Like any com­pe­ti­tion car, as it got older, the re­sults dropped away but this did not de­ter the en­thu­si­as­tic McKech­nie who con­tin­ued to cam­paign the car un­til 1962 when it was sold. Fel­low Bri­tish Mor­gan racer Mike Dun­can then re-reg­is­tered it as XWP47G and un­der­took a full rebuild of what was by now a very tired car af­ter ten years of con­stant com­pe­ti­tion use.

Here is where things get com­pli­cated. First, en­ter Chris Lawrence. The LawrenceTune con­cern was one of the top Mog­gie im­provers and they had built up an en­vi­able rep­u­ta­tion, with Chris leading the driv­ing, at sports car rac­ing across the UK with his own highly de­vel­oped +4, TOK258. Hav­ing con­quered the lo­cal rac­ing scene and want­ing to spread the LawrenceTune name to a big­ger au­di­ence, in 1961 the team looked across the English Chan­nel and the Le Mans 24 Hours, the Holy Grail of in­ter­na­tional sports car rac­ing. It was here that he hit a snag.

His mother and step-fa­ther had a ma­jor fi­nan­cial share in the busi­ness and it seems that while they were happy for Chris to run in the lower-key events at home, the risks of the 24 hours, where he would be shar­ing the track with the likes of Fer­rari’s 170 mph 250TR, in his 70 mph slower Mog­gie, seemed too great.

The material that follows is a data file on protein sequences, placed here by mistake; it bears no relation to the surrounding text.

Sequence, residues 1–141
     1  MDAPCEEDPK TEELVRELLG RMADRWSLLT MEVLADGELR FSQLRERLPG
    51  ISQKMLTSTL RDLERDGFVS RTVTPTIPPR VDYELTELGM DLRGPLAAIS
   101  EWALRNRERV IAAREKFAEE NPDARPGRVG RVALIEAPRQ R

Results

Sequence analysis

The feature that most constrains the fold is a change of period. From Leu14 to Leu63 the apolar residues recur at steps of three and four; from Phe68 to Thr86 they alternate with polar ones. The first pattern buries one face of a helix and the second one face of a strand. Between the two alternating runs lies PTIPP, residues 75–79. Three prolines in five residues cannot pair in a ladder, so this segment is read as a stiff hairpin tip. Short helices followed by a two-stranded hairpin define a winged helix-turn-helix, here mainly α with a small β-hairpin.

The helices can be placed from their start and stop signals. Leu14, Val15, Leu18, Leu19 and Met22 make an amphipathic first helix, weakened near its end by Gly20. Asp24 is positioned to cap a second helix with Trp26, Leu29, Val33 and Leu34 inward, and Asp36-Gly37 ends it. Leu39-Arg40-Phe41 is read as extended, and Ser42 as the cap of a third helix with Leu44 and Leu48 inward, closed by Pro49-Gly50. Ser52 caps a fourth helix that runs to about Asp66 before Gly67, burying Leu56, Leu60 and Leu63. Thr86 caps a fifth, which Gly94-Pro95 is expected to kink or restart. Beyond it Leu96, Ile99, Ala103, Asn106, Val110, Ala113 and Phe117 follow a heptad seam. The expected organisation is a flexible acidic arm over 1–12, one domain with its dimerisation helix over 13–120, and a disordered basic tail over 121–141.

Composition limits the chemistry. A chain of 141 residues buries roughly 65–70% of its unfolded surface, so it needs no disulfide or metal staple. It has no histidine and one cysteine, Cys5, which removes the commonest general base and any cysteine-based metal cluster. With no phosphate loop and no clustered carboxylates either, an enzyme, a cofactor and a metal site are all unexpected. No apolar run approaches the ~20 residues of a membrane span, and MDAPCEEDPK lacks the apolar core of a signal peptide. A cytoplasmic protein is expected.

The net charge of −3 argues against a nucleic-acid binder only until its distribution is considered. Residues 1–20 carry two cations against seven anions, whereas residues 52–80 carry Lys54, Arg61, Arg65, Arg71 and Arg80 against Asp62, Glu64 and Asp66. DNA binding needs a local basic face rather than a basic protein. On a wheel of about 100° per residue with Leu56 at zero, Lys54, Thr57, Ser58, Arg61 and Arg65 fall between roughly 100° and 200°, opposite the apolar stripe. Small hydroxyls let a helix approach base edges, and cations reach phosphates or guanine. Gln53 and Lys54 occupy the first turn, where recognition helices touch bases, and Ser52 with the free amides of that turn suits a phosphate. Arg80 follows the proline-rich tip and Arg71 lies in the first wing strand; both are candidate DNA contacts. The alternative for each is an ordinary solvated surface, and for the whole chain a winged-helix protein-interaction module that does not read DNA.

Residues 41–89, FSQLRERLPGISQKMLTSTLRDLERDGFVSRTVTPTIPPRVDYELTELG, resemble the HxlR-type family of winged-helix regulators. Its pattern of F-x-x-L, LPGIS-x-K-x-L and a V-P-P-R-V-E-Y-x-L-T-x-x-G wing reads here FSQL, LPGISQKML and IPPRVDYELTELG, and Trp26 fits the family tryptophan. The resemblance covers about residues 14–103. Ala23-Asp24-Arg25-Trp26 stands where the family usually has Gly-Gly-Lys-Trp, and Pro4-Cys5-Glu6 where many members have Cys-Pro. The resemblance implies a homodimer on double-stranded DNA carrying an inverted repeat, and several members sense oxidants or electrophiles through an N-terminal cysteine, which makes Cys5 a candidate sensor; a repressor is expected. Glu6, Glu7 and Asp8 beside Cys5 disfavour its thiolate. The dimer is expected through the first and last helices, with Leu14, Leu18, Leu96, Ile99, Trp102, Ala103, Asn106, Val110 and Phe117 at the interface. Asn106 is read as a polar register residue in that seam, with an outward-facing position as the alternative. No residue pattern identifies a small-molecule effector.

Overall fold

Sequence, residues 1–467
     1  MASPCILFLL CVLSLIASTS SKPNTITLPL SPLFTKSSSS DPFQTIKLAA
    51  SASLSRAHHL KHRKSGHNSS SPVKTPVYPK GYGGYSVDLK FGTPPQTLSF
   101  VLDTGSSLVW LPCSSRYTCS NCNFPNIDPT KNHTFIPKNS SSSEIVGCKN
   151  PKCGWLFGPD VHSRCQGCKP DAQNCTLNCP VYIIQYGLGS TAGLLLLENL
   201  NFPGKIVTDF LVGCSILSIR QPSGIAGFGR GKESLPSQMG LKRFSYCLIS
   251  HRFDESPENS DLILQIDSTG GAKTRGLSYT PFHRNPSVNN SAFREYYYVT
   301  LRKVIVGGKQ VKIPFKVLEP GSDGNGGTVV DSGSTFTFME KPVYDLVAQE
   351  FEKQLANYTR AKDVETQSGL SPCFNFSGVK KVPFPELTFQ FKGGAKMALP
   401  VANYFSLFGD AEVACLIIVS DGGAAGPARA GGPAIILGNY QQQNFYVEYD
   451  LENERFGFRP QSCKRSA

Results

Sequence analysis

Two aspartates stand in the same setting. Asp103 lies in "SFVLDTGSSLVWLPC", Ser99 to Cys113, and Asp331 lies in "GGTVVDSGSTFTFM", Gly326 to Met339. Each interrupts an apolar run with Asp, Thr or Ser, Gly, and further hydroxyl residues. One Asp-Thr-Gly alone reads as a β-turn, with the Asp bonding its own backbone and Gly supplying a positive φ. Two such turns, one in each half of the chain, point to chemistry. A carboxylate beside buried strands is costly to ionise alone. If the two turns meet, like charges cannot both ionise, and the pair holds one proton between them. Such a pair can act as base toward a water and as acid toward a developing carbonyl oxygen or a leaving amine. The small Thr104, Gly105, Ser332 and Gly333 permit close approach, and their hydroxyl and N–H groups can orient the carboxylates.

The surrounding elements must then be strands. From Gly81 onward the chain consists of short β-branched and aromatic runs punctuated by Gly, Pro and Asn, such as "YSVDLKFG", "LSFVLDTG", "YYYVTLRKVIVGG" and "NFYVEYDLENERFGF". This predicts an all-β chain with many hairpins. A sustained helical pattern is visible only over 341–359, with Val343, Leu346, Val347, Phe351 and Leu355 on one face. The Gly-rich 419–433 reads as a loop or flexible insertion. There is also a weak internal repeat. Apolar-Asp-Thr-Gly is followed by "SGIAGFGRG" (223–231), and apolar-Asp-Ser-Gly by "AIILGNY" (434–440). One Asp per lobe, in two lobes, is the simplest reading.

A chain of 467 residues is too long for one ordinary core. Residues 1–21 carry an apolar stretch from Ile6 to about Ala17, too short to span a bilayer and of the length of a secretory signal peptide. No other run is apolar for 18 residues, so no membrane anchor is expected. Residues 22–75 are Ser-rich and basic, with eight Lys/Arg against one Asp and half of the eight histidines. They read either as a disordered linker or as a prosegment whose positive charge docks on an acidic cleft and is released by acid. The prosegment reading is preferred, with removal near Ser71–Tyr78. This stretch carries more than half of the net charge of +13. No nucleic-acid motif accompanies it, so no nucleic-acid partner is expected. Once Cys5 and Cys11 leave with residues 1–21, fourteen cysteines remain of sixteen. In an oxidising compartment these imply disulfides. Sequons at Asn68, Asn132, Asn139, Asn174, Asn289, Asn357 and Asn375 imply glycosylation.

A court in­junc­tion made it im­pos­si­ble for the 28-year old en­gine ace to race the “1954 Mor­gan +4 mo­tor-ve­hi­cle reg­is­tered TOK 258”. It would seem that the Euro­pean ad­ven­ture was over be­fore it had started.

And they made sure they put a stop to it by get­ting a court in­junc­tion which made it im­pos­si­ble for the 28year old en­gine ace to race, “The 1954 Mor­gan +4 mo­tor-ve­hi­cle reg­is­tered TOK 258”. It would seem that the Euro­pean ad­ven­ture was over be­fore it had started.